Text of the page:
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San Antonio

Tamales join turkey and ham on San Antonio holiday tables

Benny Lopez said the famly business started in 1981.jpg
Brian Kirkpatrick
/
Texas Public Radio
Benny Lopez said the family business started in 1981

There's more than turkey and ham on the holiday table in San Antonio. It's the busiest time of the year for the family-operated Delicious Tamales.

Texas Public Radio visited a Delicious Tamales Factory on South Presa Street where production was in full swing.

Workers were busy mixing meat and masa and rolling both together in corn shucks to make tamales by the dozen. Customers were walking up to place their roadside orders at the business with a colorful façade.

The Delicious Tamales Factory
Brian Kirkpatrick
/
Texas Public Radio
The Delicious Tamales Factory on South Presa has a hand-painted facade

Sixty-seven-year-old Benny Lopez said they have been in business since 1981. His parents got things started by selling tamales door to door. They opened their first location on Castroville Road.

Lopez said business is at its peak right now.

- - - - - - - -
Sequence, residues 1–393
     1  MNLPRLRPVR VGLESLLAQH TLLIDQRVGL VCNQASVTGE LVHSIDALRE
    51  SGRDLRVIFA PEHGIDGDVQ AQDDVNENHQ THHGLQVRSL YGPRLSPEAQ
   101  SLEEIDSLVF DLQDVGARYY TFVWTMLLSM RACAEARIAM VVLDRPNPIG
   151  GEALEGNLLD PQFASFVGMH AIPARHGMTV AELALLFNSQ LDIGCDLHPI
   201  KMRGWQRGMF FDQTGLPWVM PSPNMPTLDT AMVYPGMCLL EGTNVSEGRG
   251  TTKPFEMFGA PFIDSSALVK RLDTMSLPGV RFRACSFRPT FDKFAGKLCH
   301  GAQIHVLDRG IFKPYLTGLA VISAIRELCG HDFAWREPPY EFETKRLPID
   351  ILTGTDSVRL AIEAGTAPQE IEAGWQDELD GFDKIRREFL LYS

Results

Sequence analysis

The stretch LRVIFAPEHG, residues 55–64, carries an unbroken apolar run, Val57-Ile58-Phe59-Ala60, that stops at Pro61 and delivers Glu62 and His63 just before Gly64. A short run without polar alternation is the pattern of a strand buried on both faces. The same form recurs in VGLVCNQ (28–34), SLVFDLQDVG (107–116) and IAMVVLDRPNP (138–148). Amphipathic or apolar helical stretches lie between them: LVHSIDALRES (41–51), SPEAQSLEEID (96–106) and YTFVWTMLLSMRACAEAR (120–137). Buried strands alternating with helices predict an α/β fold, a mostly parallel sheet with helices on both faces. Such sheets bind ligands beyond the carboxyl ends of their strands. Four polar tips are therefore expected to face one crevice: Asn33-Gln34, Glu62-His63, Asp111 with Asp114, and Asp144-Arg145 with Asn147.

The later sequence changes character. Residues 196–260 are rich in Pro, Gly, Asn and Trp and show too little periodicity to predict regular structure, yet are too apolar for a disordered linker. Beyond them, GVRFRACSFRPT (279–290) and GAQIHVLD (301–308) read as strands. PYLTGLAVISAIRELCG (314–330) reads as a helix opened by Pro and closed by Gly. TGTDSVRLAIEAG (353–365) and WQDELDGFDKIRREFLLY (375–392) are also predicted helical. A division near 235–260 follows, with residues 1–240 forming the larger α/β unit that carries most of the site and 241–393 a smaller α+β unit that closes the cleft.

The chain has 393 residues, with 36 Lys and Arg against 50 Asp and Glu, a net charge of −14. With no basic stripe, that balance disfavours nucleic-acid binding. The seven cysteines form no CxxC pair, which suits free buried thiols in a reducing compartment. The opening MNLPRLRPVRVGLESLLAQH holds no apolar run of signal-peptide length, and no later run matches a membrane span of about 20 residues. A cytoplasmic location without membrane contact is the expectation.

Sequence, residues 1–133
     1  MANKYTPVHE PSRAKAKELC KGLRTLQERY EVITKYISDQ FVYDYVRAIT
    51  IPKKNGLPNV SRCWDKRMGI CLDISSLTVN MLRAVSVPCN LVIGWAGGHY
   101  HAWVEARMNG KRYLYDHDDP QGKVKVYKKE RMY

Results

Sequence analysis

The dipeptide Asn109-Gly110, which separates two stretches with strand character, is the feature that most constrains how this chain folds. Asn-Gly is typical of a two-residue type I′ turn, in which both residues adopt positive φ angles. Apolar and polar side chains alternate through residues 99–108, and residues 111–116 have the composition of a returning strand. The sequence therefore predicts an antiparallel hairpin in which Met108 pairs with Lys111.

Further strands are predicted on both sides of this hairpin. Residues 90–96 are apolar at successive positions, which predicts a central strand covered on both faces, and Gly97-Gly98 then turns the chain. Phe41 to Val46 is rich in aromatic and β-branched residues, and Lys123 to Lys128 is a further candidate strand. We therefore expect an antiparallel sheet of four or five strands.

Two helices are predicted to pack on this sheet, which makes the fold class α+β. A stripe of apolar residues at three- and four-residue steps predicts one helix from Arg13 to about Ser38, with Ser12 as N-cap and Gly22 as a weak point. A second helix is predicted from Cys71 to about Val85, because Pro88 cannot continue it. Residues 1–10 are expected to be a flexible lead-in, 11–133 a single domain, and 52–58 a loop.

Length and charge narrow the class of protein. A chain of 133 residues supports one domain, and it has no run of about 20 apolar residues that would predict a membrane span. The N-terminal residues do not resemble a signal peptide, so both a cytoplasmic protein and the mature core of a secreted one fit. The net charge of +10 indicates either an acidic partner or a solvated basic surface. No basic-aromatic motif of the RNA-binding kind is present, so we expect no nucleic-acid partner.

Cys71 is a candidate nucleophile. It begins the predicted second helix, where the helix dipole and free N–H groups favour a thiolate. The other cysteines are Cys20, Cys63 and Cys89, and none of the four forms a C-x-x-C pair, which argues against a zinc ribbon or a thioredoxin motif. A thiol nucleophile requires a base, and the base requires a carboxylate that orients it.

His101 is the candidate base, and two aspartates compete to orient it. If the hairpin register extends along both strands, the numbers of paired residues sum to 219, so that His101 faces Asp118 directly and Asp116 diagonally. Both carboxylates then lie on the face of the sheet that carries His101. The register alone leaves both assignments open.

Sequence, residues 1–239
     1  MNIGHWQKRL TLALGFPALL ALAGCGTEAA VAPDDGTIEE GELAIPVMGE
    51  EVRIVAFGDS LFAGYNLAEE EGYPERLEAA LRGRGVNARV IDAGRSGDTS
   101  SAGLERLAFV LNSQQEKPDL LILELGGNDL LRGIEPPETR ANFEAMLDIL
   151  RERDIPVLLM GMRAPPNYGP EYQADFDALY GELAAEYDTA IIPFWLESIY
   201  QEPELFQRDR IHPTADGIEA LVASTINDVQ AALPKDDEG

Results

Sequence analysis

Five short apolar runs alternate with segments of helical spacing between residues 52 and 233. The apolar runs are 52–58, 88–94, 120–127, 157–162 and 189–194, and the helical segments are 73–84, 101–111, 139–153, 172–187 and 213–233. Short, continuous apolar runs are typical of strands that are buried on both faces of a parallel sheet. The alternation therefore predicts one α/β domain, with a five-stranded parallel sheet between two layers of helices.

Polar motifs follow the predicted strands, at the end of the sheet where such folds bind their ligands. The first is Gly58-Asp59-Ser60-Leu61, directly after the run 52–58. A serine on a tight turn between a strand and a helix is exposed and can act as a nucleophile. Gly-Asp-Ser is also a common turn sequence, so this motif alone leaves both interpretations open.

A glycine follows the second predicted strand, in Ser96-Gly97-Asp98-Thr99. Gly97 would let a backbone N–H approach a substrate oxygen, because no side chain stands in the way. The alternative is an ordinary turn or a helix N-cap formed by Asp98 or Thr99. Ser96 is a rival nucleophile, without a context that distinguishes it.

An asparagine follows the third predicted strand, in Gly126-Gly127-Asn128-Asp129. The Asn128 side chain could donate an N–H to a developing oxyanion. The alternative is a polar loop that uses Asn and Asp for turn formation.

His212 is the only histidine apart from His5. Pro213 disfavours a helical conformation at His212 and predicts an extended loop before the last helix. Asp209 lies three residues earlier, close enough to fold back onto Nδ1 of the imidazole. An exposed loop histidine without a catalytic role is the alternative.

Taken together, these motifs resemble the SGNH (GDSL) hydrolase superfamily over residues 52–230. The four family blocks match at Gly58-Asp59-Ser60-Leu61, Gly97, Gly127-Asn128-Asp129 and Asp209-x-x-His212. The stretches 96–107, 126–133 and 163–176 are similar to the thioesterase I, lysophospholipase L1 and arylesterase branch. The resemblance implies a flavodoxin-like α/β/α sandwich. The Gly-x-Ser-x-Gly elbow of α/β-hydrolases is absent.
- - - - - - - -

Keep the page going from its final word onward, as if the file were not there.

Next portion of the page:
"Christmas is the busiest time of the year for the tamale business and apparently San Antonio is the capital of Tamales in the United States," he said.

So how many tamales does Lopez expect sell through their stores?

"I'm estimating somewhere in the ballpark of, heck, a good 50,000 dozen for the whole city at one time during the holidays."

Family members are involved throughout the local factories and stores. Forty-year-old Johnny Vasquez Jr., who has worked for his Uncle Benny since he was eight, said there is a lot of family pride in what they do, but there is also room for individuality.

"We all run the franchises different and the recipes are different," Vasquez said.

Anita Lopez, who worked with her husband Benny, passed away in 2019.jpg
Brian Kirkpatrick
/
Texas Public Radio
Anita Lopez, who worked along side her husband at the factory, passed away in 2019. This image of her hangs in the factory

Customer Jessica Rodriguez was picking up tamales during TPR's visit to the South Presa Factory. She said she's been a customer for a decade now.

"We order tamales every year. We don't make them anymore so it's just a lot easier to come and buy it," she said.

Rodriquez said when they were making them at home, it usually took days and involved the whole family.

Benny Lopez said family is key to making tamales at home and at the factory. And he said there's another big part of the recipe.

"A lot of love and, of course, a lot of harmony in family at this time of the year and it doesn't matter what you cook, it will always come out good. That is really secret recipe, love between the family,” he said.

The Delicious Tamales Factory on South Presa is easy to spot with its colorful façade, painted by Vasquez. It includes painted images of the Aztecs, who were among the pre-Columbian civilizations that spread tamales throughout Mesoamerica.

The location is open from 8 a.m. to 5 p.m. Monday through Saturday and 8 a.m. to 1 p.m. on Sunday.

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